When he was called up, and I hate to bring this up YET AGAIN, the "Joba Rules" were conceived to protect his arm from over use. The rules stipulated that he could not be used out of the bullpen on consecutive days and he also received an extra day of rest for every inning he pitched in the majors. Babying is what I call it but you're not here to hear my opinion you are here to learn about Joba ;). Joba made himself a special place in mine, and a lot of Yankees fans, heart when he threw over Kevin Youkilis' head twice in August of 2007 and was suspended and fined for it.... F Youk. How could we forget the swarm of bugs that attacked him in the 2007 playoffs against the Cleveland Indians? What a year for Joba Chamberlain... but it was only the beginning of a roller coaster ride. 

Joba, after coming back from a leave of absence to be with his father who fell in his Nebraska home, was made a starter in the 2008 season by the request of Hank Steinbrenner. Everything was going well, including out dueling Josh Beckett in a July start, until he landed on the DL with rotator cuff tendinitis while starting against the Texas Rangers. He was never the same that season after the injury and was never the same as a starter again, to date. In 2009 he continued to struggle as a starter and the Yankees brass even contemplated sending him down to the minor leagues and leaving him off the post season roster. Eventually they made the decision to put him in the bullpen as a set up man and he flourished in that post season en route to his first World Series ring behind the arms of CC Sabathia, AJ Burnett, and Andy Pettitte. The 2010 season saw Joba move back to the bullpen and saw Joba struggle again with an ERA north of 5 before he finally turned it on in August of that season.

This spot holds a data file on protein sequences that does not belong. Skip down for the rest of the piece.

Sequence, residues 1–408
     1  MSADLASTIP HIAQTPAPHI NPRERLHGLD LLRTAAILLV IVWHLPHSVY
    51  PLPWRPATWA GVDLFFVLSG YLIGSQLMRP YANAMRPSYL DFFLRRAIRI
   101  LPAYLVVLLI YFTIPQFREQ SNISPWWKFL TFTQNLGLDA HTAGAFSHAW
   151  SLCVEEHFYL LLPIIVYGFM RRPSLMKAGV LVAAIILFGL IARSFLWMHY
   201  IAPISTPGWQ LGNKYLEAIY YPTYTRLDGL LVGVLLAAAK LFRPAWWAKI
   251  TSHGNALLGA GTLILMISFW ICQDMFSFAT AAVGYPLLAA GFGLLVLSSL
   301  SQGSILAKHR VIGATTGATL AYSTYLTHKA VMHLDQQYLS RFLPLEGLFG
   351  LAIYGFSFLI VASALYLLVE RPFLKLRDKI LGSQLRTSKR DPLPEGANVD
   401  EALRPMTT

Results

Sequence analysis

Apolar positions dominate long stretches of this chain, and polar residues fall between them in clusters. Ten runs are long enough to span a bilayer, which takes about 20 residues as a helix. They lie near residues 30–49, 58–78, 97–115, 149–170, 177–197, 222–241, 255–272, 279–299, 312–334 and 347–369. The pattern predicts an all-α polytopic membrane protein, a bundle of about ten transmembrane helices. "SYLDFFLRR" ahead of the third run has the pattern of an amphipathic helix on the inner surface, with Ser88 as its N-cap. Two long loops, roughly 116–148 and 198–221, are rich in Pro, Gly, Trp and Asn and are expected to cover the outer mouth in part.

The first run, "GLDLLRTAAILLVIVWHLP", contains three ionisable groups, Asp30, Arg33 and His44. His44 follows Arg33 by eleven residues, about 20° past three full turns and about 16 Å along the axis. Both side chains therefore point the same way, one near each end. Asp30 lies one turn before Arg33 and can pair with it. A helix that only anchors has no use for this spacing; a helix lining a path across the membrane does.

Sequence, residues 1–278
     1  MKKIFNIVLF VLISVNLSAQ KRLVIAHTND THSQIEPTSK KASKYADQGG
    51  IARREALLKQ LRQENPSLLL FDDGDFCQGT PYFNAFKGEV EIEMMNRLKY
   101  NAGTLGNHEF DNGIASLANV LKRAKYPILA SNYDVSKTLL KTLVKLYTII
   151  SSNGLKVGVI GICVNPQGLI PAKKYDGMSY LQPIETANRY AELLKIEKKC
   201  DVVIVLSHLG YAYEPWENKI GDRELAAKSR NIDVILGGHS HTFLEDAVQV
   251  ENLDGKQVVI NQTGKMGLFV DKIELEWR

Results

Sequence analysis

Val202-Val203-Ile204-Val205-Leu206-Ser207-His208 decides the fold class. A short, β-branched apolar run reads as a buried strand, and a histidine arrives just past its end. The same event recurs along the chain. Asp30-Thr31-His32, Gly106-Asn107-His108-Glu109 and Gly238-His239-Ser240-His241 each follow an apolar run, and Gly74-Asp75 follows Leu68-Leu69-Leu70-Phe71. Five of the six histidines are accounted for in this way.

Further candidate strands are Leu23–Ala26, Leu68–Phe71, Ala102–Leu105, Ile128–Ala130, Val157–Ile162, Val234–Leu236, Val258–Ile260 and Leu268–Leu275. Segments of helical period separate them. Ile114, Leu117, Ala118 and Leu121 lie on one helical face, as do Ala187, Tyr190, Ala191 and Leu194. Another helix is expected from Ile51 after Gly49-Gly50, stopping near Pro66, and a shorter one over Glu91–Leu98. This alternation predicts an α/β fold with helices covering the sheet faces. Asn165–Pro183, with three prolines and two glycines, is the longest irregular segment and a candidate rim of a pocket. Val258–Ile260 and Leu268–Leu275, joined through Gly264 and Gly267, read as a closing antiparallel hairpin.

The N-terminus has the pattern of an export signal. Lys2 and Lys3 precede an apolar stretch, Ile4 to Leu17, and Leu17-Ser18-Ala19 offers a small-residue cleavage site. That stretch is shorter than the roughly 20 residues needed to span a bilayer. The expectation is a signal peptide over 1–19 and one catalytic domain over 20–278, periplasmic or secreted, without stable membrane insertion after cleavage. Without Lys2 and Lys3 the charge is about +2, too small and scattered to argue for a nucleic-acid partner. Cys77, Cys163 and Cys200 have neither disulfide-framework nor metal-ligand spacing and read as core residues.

2011 started yet another roller coaster ride for Joba as he ended up on the DL in June of that season and ended up needing Tommy John surgery. This was after he lost both his set up man position, to David Robertson, and then his 7th inning spot to recently signed Rafael Soriano.  Starting 2012 he was way ahead of schedule in his rehab for Tommy John surgery but severely injured his ankle jumping on a trampoline with his son, suspending any chance of him pitching in the majors indefinitely. The diagnosis was an open ankle dislocation and did not seem life threatening, contrary to original reports of massive blood loss. 

Joba has one son, Karter Chamberlain, and has done some television appearances so he should have plenty to keep him busy on his road back to the Yankees. He made an appearance in an episode of Man Vs. Food in which he was coaching Adam Richman through an eating challenge in Brooklyn New York. Unfortunately Joba has had an equal amount of roller coaster moments off the field as well, none worse then when he got arrested on suspension of DUI in October of 2008. He also had an open container in the vehicle with him when a Nebraska State Police Officer pulled him over. He pleaded guilty and was sentenced to probation in 2009. The injuries, the poor performances, the family problems, the Joba rules, the mental games, all that and Joba still keeps a good character, a good demeanor, and still keeps that smile on his face. Best wishes to Joba and his family and here's to coming back to the Yankees as soon as possible. Cheers to you Joba, get better soon. 

Tune in tomorrow when we continue our Meet A Prospect special edition and we meet Yankees All Star 3B, the highest paid player in baseball, the man who could potentially pass Barry Bonds on the all time home run list, Mr. Alex Rodriguez.

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Sorry for the Capatcha... Blame the Russians :)